Marsha will surely attract many fans.

MARSHA IS MAGNETIC

Marsha uses science and engineering skills to test a hypothesis on how to make friends.

Wide-eyed and bespectacled with a triple-braided pouf of red hair, Marsha stands out at school, but not in the ways she wants. As her birthday fast approaches, everything is ready to go except the guest list. Marsha ponders how she can bridge social gaps to not only invite classmates to her party, but maybe even make some friends. Though she may not know social expectations, she definitely knows science. Through observation, questioning, and the testing of a hypothesis, Marsha hopes to discover what really attracts friends. The comical electromagnetic outfit she wears to school, inspired by her dad’s offhand remark about “magnetic personality,” sure does draw people in, though in unexpected and troublesome ways. Vividly hued and bright-eyed cartoon illustrations from Alvarez capture the childlike whimsy and creativity of the protagonist’s big idea. Along with eye-catching illustrations, a good dose of humor and a happy ending will draw in plenty of new friends for our heroine. Marsha and her parents have light-brown skin, and her school is a bustle with diverse classmates and teachers.

Marsha will surely attract many fans. (Picture book. 4-7)

Pub Date: Jan. 26, 2021

ISBN: 978-0-544-73584-2

Page Count: 32

Publisher: HMH Books

Review Posted Online: Sept. 29, 2020

Kirkus Reviews Issue: Oct. 15, 2020

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This simple and sincere tale of working up courage to face fears makes quite a splash.

JABARI JUMPS

Young Jabari decides today is the day he is going to jump from the diving board, even though it’s a little high and a little scary.

Jabari’s father and baby sister accompany him to the swimming pool in the city, where Jabari has already made up his mind about today’s goal: jumping off the diving board. “I’m a great jumper,” he says, “so I’m not scared at all.” But that’s not entirely true. Readers see Jabari play the waiting game as the other children (a diverse bunch) make their ways past him in line. Once Jabari finally begins to climb up, he slyly remembers that he forgot to “stretch.” The stalling techniques don’t faze his dad, who sees an opportunity for a life lesson. “It’s okay to feel a little scared,” offers his dad at the side of the pool. With renewed will, Jabari returns to the towering diving board, ready to embrace the feat. In her debut, Cornwall places her loving black family at the center, coloring the swimming pool and park beyond in minty hues and adding whimsy with digitally collaged newspaper for skyscrapers. A bird’s-eye view of Jabari’s toes clinging to the edge of the diving board as he looks way, way down at the blue pool below puts readers in his head and in the action.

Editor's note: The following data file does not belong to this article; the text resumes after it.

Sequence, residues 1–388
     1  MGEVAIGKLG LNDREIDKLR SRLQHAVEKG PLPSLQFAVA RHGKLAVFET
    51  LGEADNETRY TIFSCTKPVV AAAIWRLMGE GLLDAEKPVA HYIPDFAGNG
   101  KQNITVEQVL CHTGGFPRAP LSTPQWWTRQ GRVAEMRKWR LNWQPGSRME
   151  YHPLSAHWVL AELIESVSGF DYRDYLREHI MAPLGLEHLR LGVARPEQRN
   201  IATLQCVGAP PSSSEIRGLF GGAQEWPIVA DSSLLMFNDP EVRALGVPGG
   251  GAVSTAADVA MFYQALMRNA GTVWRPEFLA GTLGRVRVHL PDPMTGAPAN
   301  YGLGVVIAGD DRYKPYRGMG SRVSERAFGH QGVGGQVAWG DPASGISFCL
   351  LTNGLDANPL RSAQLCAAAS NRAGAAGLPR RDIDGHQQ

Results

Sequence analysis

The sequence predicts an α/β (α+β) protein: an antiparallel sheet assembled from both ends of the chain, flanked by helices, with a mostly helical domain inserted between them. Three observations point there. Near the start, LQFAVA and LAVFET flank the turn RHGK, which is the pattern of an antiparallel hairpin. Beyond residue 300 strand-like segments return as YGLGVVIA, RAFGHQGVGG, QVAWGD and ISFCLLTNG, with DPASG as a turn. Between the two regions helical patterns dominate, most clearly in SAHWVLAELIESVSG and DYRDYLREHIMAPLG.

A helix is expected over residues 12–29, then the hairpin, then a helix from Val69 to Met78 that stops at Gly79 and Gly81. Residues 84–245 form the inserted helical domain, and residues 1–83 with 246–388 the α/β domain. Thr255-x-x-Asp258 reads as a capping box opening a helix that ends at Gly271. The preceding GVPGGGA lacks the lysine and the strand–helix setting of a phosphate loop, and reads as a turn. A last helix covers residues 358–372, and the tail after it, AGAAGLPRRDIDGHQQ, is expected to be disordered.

This simple and sincere tale of working up courage to face fears makes quite a splash. (Picture book. 4-7)

Pub Date: May 9, 2017

ISBN: 978-0-7636-7838-8

Page Count: 32

Publisher: Candlewick

Review Posted Online: March 6, 2017

Kirkus Reviews Issue: March 15, 2017

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A good choice to share with wriggly listeners, who will soon be joining in.

AT THE OLD HAUNTED HOUSE

A Halloween book that rides on the rhythms of “Over in the Meadow.”

Although Halloween rhyming counting books abound, this stands out, with a text that begs to be read aloud and cartoony digital illustrations that add goofy appeal. A girl and two boys set off on Halloween night to go trick-or-treating. As the children leave the cozy, warm glow of their street, readers see a haunted house on a hill, with gravestones dotting the front yard. Climbing the twisty path to the dark estate takes time, so the story turns to the antics inside the house. “At the old haunted house in a room with no sun / lived a warty green witch and her wee witch one. ‘SPELL!’ cried the witch. ‘POOF!’ cried the one. / And they both practiced spells in the room with no sun.” The actions of the scary creatures within may seem odd, but the rhyme must go on: Cats scratch, goblins dust, monsters stir, and mummies mix. Eventually the three kids reach the front door and are invited in for stew, cake and brew. At first shocked by the gruesome fare, the children recover quickly and get caught up in partying with the slightly spooky but friendly menagerie.

A good choice to share with wriggly listeners, who will soon be joining in. (Picture book. 4-6)

Pub Date: Aug. 12, 2014

ISBN: 978-1-4778-4769-5

Page Count: 32

Publisher: Two Lions

Review Posted Online: July 16, 2014

Kirkus Reviews Issue: Aug. 1, 2014

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